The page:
"Well, they've misunderstood the situation. I'll explain as best I can, but it's a bit over my head, stuff I don't know much about."

At the end of his rambling discourse, Japie's friends gathered that Diwald was one of a group of bright young employees tasked to work independently to improve on existing programmes for safe storage and transmission of computer data to prevent it being accessed by hackers. Diwald had risen to the challenge and was the first to complete the assignment two weeks before the due date, but was tardy in submitting it. He had, however, not reckoned on the dishonesty of one of his fellows, who had through devious means stolen his solution and presented it as his own. The irony was not lost on Diwald!

It was the word of one young man against another and after some debate, the company directors decided that there would be an arbitration hearing to decide who was in the wrong, but this could only take place six weeks later when the CEO returned from visiting various European branches. In the interim the two competitors would be suspended on half-pay, the balance to be paid to the rightful owner once this was established, the other to be summarily dismissed. Diwald was shattered by the cold-hearted duplicity of his erstwhile friend, Colin, whose unruffled demeanour showed not a sign of remorse at his chicanery.

The church sisters, taken to task by their husbands about spreading malicious rumours, were both embarrassed and defensive. With the exception of Klaus, their husbands refused to disclose what they had heard from Japie, which upset them even more! Klaus, however, kept no secrets from his wife and had no qualms about telling Hilda the whole story. Whatever her faults, Hilda kept pretty much to herself and said only to Christina, her close friend:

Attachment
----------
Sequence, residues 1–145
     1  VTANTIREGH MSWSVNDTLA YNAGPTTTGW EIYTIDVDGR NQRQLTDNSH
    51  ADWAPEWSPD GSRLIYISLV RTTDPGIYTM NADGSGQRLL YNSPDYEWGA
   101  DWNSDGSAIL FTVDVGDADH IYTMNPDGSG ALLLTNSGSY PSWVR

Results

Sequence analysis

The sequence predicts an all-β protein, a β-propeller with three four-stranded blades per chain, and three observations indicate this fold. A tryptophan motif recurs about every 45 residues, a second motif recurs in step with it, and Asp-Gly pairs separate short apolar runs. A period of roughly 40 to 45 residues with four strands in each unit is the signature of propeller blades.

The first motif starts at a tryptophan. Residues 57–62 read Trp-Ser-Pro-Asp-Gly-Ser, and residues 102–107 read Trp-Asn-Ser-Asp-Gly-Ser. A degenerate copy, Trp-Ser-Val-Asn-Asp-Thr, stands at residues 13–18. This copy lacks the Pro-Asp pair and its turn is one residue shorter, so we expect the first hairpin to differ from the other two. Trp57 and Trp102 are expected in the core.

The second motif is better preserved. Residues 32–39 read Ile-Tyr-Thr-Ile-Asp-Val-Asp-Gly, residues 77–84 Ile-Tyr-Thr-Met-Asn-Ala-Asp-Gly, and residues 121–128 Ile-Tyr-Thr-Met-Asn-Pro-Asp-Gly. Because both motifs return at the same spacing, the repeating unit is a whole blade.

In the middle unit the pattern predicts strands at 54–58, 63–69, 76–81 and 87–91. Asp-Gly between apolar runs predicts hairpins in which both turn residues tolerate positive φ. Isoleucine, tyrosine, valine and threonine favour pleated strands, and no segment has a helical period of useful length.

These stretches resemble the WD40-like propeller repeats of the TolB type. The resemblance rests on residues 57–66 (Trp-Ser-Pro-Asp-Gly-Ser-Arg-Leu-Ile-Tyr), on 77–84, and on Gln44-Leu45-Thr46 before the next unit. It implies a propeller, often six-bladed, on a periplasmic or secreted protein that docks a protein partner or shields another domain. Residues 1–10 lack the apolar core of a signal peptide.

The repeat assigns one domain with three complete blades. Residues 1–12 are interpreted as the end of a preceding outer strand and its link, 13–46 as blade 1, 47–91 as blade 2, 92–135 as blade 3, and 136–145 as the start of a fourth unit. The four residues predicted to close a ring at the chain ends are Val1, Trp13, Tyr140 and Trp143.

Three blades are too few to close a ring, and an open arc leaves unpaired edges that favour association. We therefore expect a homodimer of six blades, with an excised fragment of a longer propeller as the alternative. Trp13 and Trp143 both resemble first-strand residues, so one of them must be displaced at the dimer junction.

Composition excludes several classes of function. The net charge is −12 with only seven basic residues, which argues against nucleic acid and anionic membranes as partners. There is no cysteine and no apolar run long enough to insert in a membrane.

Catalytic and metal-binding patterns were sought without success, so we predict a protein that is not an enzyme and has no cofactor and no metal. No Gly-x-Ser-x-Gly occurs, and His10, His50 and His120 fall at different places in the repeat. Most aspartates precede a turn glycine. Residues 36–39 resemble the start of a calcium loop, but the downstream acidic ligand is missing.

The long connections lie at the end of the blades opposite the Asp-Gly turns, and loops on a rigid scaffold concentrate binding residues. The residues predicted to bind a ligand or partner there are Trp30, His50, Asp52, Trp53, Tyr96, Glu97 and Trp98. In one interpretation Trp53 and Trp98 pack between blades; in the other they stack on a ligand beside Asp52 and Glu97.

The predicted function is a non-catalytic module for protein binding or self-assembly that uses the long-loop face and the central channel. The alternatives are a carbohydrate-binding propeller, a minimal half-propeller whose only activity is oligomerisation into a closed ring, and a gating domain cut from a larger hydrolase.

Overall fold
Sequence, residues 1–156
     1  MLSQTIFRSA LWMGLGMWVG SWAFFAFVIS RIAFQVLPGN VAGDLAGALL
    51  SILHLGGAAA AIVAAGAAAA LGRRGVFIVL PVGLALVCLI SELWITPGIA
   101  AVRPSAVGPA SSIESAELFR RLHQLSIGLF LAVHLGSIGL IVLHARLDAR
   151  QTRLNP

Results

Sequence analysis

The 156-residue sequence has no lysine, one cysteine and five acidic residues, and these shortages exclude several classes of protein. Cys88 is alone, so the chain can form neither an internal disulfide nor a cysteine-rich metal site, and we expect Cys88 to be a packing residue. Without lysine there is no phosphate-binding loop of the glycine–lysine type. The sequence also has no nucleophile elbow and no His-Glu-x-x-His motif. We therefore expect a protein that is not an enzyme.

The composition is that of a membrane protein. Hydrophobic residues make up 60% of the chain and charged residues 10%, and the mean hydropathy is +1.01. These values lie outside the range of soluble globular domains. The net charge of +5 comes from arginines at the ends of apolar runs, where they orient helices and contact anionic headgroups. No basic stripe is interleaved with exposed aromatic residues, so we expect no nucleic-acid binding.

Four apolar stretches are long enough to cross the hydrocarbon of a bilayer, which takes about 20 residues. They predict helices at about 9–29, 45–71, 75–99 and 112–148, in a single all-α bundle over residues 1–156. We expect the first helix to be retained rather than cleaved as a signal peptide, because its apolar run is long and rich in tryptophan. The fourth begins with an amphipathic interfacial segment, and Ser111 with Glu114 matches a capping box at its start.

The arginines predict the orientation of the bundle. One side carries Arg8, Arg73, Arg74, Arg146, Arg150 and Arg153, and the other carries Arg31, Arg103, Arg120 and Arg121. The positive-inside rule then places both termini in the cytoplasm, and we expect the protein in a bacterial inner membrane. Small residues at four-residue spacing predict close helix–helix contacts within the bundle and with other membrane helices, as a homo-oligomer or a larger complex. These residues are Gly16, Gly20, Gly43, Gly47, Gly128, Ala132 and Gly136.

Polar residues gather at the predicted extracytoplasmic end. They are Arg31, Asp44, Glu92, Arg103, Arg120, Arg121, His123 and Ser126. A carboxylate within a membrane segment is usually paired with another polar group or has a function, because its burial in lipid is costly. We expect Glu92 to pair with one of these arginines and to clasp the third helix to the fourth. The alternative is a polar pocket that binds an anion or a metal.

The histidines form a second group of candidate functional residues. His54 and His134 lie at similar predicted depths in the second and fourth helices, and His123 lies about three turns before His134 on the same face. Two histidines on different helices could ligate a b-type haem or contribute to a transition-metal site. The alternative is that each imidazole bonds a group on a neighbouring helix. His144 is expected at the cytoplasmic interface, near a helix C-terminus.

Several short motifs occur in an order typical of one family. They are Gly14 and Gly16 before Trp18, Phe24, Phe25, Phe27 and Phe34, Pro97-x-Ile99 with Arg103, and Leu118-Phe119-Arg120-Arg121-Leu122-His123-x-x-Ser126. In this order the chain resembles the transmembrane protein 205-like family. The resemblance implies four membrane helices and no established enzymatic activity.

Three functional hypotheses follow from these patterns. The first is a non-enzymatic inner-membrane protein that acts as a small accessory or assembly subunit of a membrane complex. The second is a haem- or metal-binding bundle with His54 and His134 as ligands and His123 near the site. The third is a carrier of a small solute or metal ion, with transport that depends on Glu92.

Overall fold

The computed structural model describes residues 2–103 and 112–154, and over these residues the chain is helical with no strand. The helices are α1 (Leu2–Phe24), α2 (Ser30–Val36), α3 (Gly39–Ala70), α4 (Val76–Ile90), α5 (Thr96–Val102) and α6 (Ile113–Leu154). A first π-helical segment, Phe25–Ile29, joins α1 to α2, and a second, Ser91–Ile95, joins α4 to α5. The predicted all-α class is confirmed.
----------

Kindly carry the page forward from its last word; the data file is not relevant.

"It's time this nonsense stopped. Diwald is innocent of any wrong-doing; he's the victim of a crime and needs our kindness, not criticism!"

"The victim of what crime?" Christina asked eagerly.

"Intellectual property theft, and that's all I'm going to say on the matter."

Christina, quite unable to hold her tongue, told Marion she'd learned that Diwald had been robbed.

"Poor chap, what was taken, his wallet? Cell phone?" Marion queried: "Cities are dangerous places."

"I think he was at home at the time," Christina blustered, not knowing what Hilda had meant by 'intellectual property'. "All I can tell you is that property was stolen, which sounds more like electronic gadgets, TVs and computers, probably."

In no time at all the sisterhood, to the last member, had been informed that Diwald had been robbed while he was in his flat, the story growing with each telling, so that the final version had him being assaulted and subdued with a stun-gun. Elsie shook her head when the news reached her and gave up trying to set matters straight, deciding it would only add fuel to the rumour-mongering flame.

Sarie was the last recipient of the news and was very upset. "How could they hurt such a gentle person?" she asked, lips aquiver.

All the church sisters were sympathetic.

"No wonder he's so quiet," Mimi Viljoen empathised. "Poor young man, and we've been so suspicious of him!"